OPINION: I love small blocks, but they can't handle the weight of big old iron like a 3750-4000 lb 1967 Galaxie, they just don't have the torque. They might do ok for a while, but they will work hard and wear out fast.
FACT: The 1967 Ford 289 Challenger V8 with Cruise-O-Matic C4 made 200 hp and 282 ft.lb. of torque.
OPINION: Not bad for a 2700 lb 1967 Mustang. I have a similar weight 1970 Maverick and it would be an ok setup in my car
OPINION: Big cars need 400+ torque.
These were the other, factory option, FE big block motors for a 1967 Galaxie 500 XL:
The Thunderbird 390 2bbl Cruise-O-Matic C6 made 275 hp and 405 ft.lb. of torque.
The Thunderbird 390 Special 4 bbl with Cruise-O-Matic C6 or 4-speed manual made 315 hp and 427 ft.lb. of torque.
The Thunderbird 428 with Cruise-O-Matic C6 or 4-speed manual made 345 hp and 462 ft.lb. of torque.
Then there was the developed-for-NASCAR beast developed to fight the Chrysler 426 Hemi: The 427 Cobrajet made 425 hp and a brain twisting 480 ft.lb. of torque. (Ford lied about the 425 hp due to insurance reasons like the Chrysler 426 and Chevy 427 did too about their big blocks, real numbers are probably closer to 440-450 hp and over 500 torque.)
The FE was gradually phased out by the 385 series big block engines that included the 429 and 460 in starting in1968.
What I would do:
I would clean, remove and mothball the 289 Challenger (Windsor) and C4 and save them to put back in if you ever sell it, so it could still be a numbers matching car.
Then I would find, rebuild , and install the best FE I could find and put it with a C6 and a Gearvendors overdrive ($2800).
I found a 1980 429 4bbl from an F700 (no emissions) for $1000 on craigslist this week.
A roller block 385 series 460 (88 & up) mated to a BUILT
I found a running 1988 E350 460 in a rotting 24 foot RV with 88,000 miles for $350 in my craigslist favorites right now, just in case my son's 76 Ranchero 351M pukes. A 429/460 will bolt up to his existing FMX transmission and uses the same motor mounts.
Put either one of those engines with some 3.55 or 3.80 gears and you will have an impressive performing battle cruiser that tosses around its beefy weight effortlessly.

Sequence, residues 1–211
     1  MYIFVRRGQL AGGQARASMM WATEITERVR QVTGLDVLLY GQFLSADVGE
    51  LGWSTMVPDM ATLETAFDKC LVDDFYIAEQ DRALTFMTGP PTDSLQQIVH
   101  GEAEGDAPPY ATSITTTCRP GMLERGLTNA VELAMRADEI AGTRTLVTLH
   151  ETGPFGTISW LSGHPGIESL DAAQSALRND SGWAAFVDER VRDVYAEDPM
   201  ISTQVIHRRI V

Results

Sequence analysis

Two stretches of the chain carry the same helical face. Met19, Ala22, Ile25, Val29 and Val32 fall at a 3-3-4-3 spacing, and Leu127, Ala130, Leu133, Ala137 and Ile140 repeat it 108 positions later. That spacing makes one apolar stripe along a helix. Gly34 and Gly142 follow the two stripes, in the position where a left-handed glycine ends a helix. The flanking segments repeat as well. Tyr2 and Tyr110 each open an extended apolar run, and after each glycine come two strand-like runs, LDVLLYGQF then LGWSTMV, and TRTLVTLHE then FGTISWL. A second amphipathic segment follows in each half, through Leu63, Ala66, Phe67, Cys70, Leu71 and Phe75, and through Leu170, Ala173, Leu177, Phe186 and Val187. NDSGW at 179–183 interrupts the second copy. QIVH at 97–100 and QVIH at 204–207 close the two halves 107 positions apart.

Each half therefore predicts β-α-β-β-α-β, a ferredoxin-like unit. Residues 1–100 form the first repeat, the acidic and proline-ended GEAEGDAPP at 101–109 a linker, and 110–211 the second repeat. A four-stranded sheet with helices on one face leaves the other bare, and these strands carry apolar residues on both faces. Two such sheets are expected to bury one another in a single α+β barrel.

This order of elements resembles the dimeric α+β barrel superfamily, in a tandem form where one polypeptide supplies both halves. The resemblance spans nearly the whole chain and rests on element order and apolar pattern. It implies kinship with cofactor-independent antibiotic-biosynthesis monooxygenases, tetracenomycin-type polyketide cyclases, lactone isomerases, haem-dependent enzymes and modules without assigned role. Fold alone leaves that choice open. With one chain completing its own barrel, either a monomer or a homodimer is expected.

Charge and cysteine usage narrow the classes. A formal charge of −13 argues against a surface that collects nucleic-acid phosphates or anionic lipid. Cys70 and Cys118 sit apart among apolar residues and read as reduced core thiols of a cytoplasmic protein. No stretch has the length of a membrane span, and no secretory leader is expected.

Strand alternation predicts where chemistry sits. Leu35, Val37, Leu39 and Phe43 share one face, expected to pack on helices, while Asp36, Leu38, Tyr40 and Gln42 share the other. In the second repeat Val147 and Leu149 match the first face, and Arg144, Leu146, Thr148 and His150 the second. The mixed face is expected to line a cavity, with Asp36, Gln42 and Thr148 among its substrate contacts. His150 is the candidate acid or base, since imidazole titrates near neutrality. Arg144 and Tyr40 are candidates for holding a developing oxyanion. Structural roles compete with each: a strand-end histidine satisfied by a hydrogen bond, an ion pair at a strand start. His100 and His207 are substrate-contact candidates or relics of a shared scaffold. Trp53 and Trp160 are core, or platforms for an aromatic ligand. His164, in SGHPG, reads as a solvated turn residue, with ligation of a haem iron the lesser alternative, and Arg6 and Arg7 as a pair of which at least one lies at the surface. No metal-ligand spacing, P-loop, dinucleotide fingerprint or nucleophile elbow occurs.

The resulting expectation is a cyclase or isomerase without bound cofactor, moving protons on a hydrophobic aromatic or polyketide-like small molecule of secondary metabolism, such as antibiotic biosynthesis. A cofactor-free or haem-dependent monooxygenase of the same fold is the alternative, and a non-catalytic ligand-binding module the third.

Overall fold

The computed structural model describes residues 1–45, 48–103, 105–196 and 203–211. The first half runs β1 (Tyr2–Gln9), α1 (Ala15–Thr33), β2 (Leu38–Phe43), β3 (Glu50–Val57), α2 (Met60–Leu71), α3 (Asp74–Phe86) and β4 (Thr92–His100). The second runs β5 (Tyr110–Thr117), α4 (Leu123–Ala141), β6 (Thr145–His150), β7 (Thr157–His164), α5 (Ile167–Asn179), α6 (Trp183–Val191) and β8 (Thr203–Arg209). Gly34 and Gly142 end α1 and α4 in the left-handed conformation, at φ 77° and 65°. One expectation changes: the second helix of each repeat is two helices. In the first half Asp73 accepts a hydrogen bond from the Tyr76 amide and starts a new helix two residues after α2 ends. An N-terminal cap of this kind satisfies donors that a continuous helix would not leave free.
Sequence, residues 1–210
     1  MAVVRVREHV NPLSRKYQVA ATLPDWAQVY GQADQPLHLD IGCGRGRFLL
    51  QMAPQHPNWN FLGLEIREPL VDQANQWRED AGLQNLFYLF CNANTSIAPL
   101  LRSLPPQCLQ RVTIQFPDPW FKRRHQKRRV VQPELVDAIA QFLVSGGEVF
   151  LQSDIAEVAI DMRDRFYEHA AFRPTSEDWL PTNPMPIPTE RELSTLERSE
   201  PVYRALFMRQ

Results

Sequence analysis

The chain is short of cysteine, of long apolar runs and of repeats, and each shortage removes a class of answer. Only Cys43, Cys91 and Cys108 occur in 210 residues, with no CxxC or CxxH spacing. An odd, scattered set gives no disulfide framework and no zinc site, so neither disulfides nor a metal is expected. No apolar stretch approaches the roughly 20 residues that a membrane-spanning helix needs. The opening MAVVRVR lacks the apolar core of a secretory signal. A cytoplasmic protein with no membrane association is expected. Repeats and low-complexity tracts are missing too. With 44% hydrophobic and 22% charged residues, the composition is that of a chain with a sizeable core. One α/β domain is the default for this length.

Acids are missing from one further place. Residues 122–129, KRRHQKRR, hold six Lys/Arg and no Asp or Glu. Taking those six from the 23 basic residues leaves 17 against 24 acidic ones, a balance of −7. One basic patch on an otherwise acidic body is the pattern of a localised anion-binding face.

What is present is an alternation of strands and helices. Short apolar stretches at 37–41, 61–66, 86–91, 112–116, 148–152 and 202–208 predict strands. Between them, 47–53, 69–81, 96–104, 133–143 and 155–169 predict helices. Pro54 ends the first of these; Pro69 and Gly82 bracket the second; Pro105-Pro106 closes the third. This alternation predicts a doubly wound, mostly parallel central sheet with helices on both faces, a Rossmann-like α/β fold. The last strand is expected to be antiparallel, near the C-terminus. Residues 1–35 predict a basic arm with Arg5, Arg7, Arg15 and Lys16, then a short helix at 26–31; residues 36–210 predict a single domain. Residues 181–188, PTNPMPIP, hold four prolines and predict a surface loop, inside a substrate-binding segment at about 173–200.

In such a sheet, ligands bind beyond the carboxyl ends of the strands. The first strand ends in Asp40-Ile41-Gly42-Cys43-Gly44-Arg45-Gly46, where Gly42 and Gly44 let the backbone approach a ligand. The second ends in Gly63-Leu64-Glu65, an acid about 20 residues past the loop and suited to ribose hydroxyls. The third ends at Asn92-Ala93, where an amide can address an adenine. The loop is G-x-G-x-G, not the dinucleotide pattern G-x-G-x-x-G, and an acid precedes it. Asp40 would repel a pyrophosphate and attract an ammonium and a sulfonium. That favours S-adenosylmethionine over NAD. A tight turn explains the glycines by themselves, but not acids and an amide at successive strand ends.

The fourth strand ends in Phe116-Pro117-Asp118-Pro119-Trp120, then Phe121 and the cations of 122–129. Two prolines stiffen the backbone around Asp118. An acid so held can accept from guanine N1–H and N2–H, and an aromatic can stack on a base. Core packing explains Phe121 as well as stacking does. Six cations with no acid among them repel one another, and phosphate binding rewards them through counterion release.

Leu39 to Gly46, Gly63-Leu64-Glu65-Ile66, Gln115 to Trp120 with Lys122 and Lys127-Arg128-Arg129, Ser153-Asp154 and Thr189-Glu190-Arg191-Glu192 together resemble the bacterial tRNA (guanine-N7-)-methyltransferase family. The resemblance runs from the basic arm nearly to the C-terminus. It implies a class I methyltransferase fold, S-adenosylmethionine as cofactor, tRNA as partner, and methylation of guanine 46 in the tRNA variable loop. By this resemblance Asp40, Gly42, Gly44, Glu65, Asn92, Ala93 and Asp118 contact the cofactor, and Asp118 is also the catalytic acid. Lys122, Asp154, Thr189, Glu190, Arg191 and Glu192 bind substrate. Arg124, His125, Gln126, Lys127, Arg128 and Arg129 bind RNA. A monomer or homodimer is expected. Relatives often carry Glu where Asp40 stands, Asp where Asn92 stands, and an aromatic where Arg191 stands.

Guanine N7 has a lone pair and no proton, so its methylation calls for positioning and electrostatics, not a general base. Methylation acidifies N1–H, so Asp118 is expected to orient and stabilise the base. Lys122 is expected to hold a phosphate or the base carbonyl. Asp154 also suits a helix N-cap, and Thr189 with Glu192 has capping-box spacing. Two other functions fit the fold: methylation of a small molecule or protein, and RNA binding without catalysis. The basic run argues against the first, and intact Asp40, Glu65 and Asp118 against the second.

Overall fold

In 1990 I had a 67 Galaxie 500 XL fastback with a stock 390 2 bbl C6 and 3.25 gears and it was not that fast with 275 hp. Its 405 torque would almost lift the front tires off the pavement, but no top end. 0 to 40 almost instantly, but it didn't like the interstate.
That same car with a 289? I think it's gonna be a dog. I think it's absurd that they even offered the small block 289 or a 240 Big 6 (the 300's daddy) in this car as the base motor.
1967 was a 1-year only body style for the Galaxie. In 1967 the designation "fastback" was not used for the car you are getting or the one I had. They used it in 1968. In 1967 it was just a Galaxie 500XL 2 door. It was the only 2 door solid roof body style that year. No traditional hard top. It was available in 2 door convertible. I called mine a fastback too. So does everybody else, but it's not listed that way in the catalogs. 66=hardtop, 68=fastback, 67=2door.
For interesting reading:
HP, torque, and vehicle weight data from Automobile Catalog: https://www.automobile-catalog.com/m...dtop/1967.html
This is an apples to apples comparison of factory ratings of stock engines.
HP numbers are all SAE gross hp at the flywheel. Not comparing gross hp to net hp.